July 2, 2007 Rotogram

MISSISSIPPI ’S FOREST RESOURCES

The Mississippi timber harvest in 2006 was worth more than $1.3 billion. Today, Wayne Tucker, director of the Mississippi Institute of Forest Inventory, will report results of recent forest survey work and the impact of Hurricane Katrina.

Next week

Mississippi State’s latest national champion, the fuel-efficient and environmentally friendly Challenge-X SUV, will be spotlighted next week. Marshall Molen and Amanda McAlpin of the Center for Advanced Vehicular Systems will report.

JUNE 25 MEETING

Invocation and Pledge : Bill Simmons

Attendance : There were 108 members present (33 exempt), and 90 (21 exempt, 10 honorary) absent.

Makeups : Ed Clynch and Clyde Pritchard made up attendance at Rotary events.

Guests and Visitors : Guests of members included Jeanna Edwards, Pam Brock and Terry Sholes of Jack Forbus; and, Janet Mullins of Larry Mulllins. Visiting Rotarian Jim Puryear from Augusta, Ga., was a Club member in the mid `60s. District guests included Barbara Travis, Becky and Bob Killelea, Chuck Jordan, Danny Williams, Davis Clark, Eddie Lou and Jim Finger, Jim Stanley, Elizabeth and James Young, Joel and Toni Clements, John Turner, Kay and Leland Steed, Les Fletcher, Lynda Forbus, Mark Dorion, Mike Vance, Roscoe Greene, Sara Foster, Willis Puckett, Steve Anderson and Sharon Clark. Club guests included Skip Descant of the Columbus Commercial Dispatch and Diane Wall of the Oktibbeha County Humane Society.

Community Action : The final community service checks of the year were presented to
Diane Wall of the Humane Society and Rotarian Grady Mitchener representing United Way.

Extended Rotary Minute : Noting that he had saved the subject for the final meeting of the year, President Larry announced that the Club has met the “Every Rotarian, Every Year” goal of 100 percent Rotary Foundation sustaining membership. A sustaining member is an individual who contributes $100 or more to the Annual Program Fund.

A year ago, District Governor Mark Doiron suggested that our Club set a 2007 Foundation goal of $18,000, up from $15,000 in 2006. We actually surpassed our goal by 20 percent and gave $21,550. Per capita giving jumped from $84 to $112.83. In 2006, the Rankin Club averaged $171 per member. As District 6820’s second largest group, we outdid the largest club, Downtown Jackson, by a $55 margin.

Changing of the guard

The Rotary Club of Starkville, Mississippi, installed its eighty-fourth president and the seventh district governor from the Club on June 25.

The District 6820 College of Governors met before the luncheon to affirm its support of Jack Forbus as he began his term as DG.

Forbus, introduced by out-going president Larry Mullins, is a 30-year veteran of the Starkville Club. He served as president in 2000.

“Six months ago,” said Mullins, “thinking he had a year-and-a-half to prepare for the job, Jack suddenly became the governor-elect. He’s spent the last half year in a Rotary cram course learning about our district.”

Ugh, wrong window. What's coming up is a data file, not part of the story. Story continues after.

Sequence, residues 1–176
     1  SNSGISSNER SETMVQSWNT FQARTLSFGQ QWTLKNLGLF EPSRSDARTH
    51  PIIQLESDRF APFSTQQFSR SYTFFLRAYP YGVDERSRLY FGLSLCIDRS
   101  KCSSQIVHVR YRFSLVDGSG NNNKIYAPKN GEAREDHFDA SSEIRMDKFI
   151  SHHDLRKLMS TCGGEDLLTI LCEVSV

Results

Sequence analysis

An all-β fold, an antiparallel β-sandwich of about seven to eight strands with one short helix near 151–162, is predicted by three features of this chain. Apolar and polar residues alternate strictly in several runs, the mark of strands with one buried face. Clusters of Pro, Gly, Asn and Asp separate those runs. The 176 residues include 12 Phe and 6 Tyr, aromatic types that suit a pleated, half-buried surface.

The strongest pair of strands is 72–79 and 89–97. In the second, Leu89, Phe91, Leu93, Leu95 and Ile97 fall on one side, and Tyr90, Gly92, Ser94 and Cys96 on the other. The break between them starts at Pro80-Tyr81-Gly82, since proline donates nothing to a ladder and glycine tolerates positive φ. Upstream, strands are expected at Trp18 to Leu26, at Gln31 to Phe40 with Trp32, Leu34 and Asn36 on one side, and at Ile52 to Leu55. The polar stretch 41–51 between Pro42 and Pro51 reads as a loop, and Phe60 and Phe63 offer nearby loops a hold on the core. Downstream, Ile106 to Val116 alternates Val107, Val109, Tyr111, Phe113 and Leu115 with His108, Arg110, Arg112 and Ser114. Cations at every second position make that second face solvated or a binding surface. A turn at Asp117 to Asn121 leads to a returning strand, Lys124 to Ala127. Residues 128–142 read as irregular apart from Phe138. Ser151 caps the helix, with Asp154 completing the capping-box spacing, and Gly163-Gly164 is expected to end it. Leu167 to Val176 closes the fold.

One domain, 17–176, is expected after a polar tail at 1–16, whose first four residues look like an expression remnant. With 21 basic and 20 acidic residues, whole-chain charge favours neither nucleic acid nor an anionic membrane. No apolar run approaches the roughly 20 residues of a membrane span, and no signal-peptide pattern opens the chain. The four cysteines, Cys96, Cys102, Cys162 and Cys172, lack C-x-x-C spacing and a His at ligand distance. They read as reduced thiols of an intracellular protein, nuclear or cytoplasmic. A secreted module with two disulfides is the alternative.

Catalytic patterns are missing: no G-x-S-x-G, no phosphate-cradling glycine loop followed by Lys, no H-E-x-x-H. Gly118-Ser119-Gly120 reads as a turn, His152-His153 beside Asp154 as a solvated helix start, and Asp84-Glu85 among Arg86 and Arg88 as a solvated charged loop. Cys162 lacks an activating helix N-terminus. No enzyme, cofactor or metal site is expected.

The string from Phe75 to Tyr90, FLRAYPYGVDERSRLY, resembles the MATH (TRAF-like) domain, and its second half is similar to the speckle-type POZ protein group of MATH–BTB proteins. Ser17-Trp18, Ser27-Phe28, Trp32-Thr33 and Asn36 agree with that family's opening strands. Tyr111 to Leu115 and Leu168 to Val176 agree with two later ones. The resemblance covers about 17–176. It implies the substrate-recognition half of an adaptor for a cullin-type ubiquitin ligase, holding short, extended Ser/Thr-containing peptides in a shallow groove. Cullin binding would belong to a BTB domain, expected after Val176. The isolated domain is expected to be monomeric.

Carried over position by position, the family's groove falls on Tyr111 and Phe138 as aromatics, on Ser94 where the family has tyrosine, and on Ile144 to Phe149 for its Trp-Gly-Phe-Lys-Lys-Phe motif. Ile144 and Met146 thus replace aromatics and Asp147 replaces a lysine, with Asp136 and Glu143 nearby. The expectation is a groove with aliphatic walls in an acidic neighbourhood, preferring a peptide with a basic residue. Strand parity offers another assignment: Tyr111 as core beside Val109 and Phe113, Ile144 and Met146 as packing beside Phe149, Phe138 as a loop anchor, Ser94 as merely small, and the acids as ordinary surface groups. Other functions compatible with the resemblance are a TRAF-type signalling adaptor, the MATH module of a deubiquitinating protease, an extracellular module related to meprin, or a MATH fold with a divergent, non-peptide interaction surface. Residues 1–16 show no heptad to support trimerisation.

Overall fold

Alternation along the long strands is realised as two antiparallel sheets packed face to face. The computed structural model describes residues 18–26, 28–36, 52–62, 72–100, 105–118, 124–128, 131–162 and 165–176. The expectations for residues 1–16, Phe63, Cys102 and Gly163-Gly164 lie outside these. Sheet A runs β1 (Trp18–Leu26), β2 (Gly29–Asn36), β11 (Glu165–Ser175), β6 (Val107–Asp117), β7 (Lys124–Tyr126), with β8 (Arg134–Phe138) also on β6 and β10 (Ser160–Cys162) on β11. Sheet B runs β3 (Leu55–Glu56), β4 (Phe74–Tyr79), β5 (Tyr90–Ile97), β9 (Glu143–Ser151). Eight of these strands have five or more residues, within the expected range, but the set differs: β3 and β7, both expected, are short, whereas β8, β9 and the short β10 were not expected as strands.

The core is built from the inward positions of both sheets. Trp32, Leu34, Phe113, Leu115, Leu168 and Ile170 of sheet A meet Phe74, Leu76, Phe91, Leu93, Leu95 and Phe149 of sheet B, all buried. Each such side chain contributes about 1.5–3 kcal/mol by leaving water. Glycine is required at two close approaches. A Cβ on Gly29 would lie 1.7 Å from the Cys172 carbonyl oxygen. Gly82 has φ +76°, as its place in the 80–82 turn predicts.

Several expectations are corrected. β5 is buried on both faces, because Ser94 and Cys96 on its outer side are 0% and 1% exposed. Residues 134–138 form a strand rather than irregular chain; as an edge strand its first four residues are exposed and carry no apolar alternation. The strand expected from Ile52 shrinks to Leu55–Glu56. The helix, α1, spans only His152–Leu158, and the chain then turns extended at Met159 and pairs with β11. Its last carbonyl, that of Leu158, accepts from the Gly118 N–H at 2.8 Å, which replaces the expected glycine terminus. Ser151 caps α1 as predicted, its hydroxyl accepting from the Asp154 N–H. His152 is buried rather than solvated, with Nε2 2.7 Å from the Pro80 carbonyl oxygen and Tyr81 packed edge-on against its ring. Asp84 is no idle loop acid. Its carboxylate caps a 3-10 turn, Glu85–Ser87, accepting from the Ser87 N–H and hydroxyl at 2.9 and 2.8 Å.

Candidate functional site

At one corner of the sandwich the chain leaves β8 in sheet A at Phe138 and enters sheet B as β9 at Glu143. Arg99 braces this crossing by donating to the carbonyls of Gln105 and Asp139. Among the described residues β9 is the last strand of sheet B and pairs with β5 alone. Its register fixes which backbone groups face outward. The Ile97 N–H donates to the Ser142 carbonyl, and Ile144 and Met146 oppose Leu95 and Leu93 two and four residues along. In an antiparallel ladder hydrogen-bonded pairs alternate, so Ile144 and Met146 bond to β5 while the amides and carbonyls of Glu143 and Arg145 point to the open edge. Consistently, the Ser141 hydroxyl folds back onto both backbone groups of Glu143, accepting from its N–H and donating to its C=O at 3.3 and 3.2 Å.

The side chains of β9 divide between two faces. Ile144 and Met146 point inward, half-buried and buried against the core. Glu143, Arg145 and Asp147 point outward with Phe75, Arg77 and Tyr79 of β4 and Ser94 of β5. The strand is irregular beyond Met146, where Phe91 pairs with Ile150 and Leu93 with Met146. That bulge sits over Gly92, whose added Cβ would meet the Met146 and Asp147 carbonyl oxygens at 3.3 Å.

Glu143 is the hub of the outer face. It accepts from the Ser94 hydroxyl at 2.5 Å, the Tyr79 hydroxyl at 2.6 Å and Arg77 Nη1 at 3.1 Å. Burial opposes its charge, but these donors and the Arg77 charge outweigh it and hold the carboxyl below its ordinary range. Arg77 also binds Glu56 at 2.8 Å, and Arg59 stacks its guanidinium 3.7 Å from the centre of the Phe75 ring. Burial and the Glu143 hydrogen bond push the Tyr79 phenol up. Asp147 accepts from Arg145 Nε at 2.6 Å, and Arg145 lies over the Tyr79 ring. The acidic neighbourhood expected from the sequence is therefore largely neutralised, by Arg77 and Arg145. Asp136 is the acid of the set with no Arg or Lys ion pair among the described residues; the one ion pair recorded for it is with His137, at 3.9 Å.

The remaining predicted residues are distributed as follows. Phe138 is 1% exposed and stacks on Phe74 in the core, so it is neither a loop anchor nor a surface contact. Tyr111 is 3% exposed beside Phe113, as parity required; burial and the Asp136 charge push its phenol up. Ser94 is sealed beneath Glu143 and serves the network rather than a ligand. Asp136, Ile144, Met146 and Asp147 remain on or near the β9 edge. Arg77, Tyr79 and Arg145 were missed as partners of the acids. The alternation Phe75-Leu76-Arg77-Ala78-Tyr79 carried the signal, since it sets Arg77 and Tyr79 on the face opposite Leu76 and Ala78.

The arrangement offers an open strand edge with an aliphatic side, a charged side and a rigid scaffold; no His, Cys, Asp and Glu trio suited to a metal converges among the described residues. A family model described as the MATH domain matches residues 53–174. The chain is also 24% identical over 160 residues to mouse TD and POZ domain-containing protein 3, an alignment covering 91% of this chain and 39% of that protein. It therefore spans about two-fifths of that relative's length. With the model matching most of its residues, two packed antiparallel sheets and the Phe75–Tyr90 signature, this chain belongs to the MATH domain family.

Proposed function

Mullins announced that Forbus, a two-time Paul Harris Fellow, had become a Benefactor. The designation is given to a person who gives $1,000 or more to the Rotary Foundation Permanent Fund.

Proclaiming that “Rotary exists as an organization to do one thing in the world — and that’s good,” Forbus recounted an encounter with a waitress during the Rotary International meeting in Salt Lake City. Trying to answer her “What is Rotary?” question, he mentioned the PolioPlus campaign. She responded with a counter question, “What is polio?”

“For you folks over thirty, that may sound strange,” said Forbus. “But, I’m proud that she doesn’t know what the disease is because of our successful eradication efforts.”

Forbus noted that his six-month preparation might be a benefit because “I don’t know any better. So, I’ve picked out four things I want to do and they are ongoing Rotary efforts.”

Water, literacy, health and hunger are the focus issues for worldwide projects.

However, Forbus said, “I did not see the need to go to some third world country to battle literacy when we live in one. This state is on the brink of a 40 percent dropout rate.”

“If you can’t read by the third grade, you have little chance to learn,” said Forbus. “In California, if you can’t read by then, they start building jail cells for you. In Mississippi, 80 percent of the prison population is illiterate.”

District 6820 is putting together a 3 to 5 year literacy project chaired by Barbara Travis of the Rankin County Rotary Club. There will a be a menu of 6 to 8 different types of literacy projects for district clubs. From working with two-year-old toddlers to high school dropouts, Rotarians will be challenged to save one child per community per year.

The new district governor reminded the Club this year’s them is “Rotary Shares.” And that means our time, talent, treasury.

Mark Doiron, the out-going district governor, presented Past District Governor Stu Vance a special recognition for his leadership amid the disruption of Hurricane Katrina. He also recognized the Starkville Club with a Service Above Self award for its Katrina work.

Taking a potshot at past DG Les Newman, who sported the red and blue of the “other school in Oxford,” Forbus noted that the recent string of Bulldog governors will continue when Joel Clements of Waynesboro takes the helm next year. Clements, a former Starkville Club member, is the father of Rotarian Joel Jr.

Greenville Rotarian Chuck Jordan was introduced with Clements as district governor nominee.

Starkville Rotarians serving district roles include Larry Box, assistant governor; Nellah Taylor, treasurer; Jeff Donald, membership chair; Cary Hardin, water project chair; and, Larry Mullins, district conference chair.

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